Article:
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25 of 26 people found the following review helpful By Mr. S. W. Steel VINE VOICE on 24 Sept. 2009
Format: Hardcover
This is a great Batman graphic novel in my opinion, but it may not be everyone's cup of tea. There are five stories in here, all covering very different ideas, and all have very definite styles of artwork too,which may not be to everyone's liking, but the stories are all strong enough to deliver a great Batman experience to the reader.
The main story deals with the death of Batman, at some point in the future. Batman is lying in state in his coffin in Crime Alley - which is essentially where 'Batman' was born ; the place where his parents murdered. All of his friends and allies have turned up to pay their respects and tell their version of how he died. Cue a who's who of the Batman universe : Catwoman, Joker, Penguin, Alfred, Two-Face, the Riddler, Superman and others. What is very impressive is the love and attention to detail Neil Gaiman has put into this. One page in particular sums it up perfectly. Batman is in his coffin in almost three identical frames, but in each he is in a different style of his outfit from the original costume, through the long-eared phase, and into the current costume. Hidden in the crowd is a cavalcade of people involved in the Batman legend - Mr Freeze, Poison Ivy, Commissioner Gordon, Barbara Gordon (Oracle), Ra's al Ghul, Azrael and more that you will enjoy finding. And this is just so nice to see in a graphic novel. It actually rewards the dedicated fan, as well as the casual reader. The fact that Joe Chill is the barman at this event won't be lost on the real fans - he is the man who killed Bruce Wayne's parents.There are some classic lines in here too - the highlight being the Joker asking someone to keep an eye on his car while he is inside. Had there just been this story i would have been very happy, but there are four others.
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1 of 1 people found the following review helpful By bigdunc on 24 May 2012
Format: Paperback
In 2008 DC Comics decided to kill off Bruce Wayne in the Batman R.I.P./Final Crisis story and to make it official they invited Neil Gaiman to write a climax to a character with 70 years of history to pay tribute to, much like Alan Moore did to Superman in the 80s with Whatever Happened to the Man of Tomorrow. Gaiman really went for it with this story stuffing in as much as he could, with all the many different versions of characters popping up you get to see the animated series joker, the classic catwoman, Joe Chill, Azrael, the Killing Joke version of Joker, the Dark Knight Returns Batman amongst many others.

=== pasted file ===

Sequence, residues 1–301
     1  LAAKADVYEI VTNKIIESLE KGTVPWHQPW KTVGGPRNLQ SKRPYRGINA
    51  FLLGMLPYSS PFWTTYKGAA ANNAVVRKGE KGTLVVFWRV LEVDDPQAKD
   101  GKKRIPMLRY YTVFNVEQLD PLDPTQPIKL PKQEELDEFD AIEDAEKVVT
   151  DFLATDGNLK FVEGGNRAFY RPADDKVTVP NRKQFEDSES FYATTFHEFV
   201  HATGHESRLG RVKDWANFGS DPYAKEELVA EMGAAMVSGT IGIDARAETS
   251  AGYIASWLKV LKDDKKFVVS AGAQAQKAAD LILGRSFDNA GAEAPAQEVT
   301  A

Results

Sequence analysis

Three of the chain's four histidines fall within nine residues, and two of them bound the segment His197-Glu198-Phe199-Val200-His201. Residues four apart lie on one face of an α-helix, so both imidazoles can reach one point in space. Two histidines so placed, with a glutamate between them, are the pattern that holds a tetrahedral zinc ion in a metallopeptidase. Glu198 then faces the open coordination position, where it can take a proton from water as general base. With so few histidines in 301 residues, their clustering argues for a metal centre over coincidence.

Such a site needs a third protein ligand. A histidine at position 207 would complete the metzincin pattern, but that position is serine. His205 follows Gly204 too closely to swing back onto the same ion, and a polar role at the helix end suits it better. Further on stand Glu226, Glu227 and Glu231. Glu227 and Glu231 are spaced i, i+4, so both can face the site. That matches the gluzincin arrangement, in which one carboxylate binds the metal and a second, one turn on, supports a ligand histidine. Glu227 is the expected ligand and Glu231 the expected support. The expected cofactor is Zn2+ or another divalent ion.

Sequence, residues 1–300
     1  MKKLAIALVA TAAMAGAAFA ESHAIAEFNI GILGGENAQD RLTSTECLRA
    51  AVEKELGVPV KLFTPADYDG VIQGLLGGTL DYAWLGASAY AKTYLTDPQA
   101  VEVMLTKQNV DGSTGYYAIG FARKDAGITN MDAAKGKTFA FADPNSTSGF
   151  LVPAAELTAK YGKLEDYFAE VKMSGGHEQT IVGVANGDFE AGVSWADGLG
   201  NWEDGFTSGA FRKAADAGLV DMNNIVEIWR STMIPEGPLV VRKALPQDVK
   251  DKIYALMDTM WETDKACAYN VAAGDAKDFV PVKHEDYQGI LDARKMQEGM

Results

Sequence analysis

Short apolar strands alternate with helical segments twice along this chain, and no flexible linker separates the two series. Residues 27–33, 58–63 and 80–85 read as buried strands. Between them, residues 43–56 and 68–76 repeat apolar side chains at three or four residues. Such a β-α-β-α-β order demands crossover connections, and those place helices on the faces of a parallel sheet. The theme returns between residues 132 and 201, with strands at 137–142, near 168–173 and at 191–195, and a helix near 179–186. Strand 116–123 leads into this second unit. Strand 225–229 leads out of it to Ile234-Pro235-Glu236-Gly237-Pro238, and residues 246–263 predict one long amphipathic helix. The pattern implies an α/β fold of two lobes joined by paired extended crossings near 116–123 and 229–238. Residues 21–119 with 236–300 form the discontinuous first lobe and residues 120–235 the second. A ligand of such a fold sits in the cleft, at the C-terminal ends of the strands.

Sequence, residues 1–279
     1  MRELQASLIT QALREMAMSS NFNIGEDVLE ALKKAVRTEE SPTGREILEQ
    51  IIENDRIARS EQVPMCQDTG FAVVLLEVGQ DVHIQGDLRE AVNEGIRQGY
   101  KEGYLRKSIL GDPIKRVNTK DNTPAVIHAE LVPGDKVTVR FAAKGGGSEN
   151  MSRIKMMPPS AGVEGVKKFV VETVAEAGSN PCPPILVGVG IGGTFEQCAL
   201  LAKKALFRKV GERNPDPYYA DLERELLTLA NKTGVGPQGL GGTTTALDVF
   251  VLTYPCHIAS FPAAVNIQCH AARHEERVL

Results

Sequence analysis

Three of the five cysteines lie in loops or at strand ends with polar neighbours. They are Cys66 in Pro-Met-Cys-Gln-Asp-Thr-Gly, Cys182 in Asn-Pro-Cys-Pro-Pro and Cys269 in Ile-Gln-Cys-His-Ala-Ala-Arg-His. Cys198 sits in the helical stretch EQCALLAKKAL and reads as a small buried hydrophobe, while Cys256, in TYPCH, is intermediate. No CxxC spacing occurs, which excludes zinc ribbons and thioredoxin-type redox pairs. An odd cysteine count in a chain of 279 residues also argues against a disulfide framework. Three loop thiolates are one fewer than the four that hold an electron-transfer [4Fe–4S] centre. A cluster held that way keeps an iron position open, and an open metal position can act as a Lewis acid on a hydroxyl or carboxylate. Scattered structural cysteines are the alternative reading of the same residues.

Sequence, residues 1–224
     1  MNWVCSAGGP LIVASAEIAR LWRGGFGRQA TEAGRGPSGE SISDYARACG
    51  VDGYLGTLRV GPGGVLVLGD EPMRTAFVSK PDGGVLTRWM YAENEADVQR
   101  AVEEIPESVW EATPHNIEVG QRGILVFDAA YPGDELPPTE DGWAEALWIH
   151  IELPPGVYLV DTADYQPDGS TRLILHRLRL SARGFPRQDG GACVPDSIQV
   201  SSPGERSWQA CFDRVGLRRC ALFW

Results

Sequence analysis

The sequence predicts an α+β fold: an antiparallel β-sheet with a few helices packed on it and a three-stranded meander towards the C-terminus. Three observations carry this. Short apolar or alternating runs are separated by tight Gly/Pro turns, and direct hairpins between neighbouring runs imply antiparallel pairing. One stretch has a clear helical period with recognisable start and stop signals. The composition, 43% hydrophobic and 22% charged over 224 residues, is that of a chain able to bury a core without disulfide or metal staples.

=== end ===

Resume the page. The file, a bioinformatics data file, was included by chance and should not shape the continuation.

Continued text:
A lot of credit has to go to Andy Kubert who manages to capture all the many different artistic takes on characters without missing out on the emotional pull of the story, once you realise this isnt just a funeral for the Batman who died in Final Crisis (in fact it isnt just a funeral for 1 Batman) you can really enjoy the tale.
There are a lot of emotional beats the tribute from Clayface hit me as really quite moving and I cant work out if its the art or the writing both are quite brilliant, the climax of the tale is also very touching borrowing from Margaret Wise Browns Goodnight Moon story as Batman says farewell to his friends and enemies.
There are some back up stories all Batman tales written by Gaiman in the past, theyre a nice addition but for me the main story overshadows them its such a strong love letter to the history of the character and perfectly judged much like Gaimans 2011 episode of Dr Who managed to pay tribute to the long history of that character this is a great send off to an icon and will surely stand the test of time.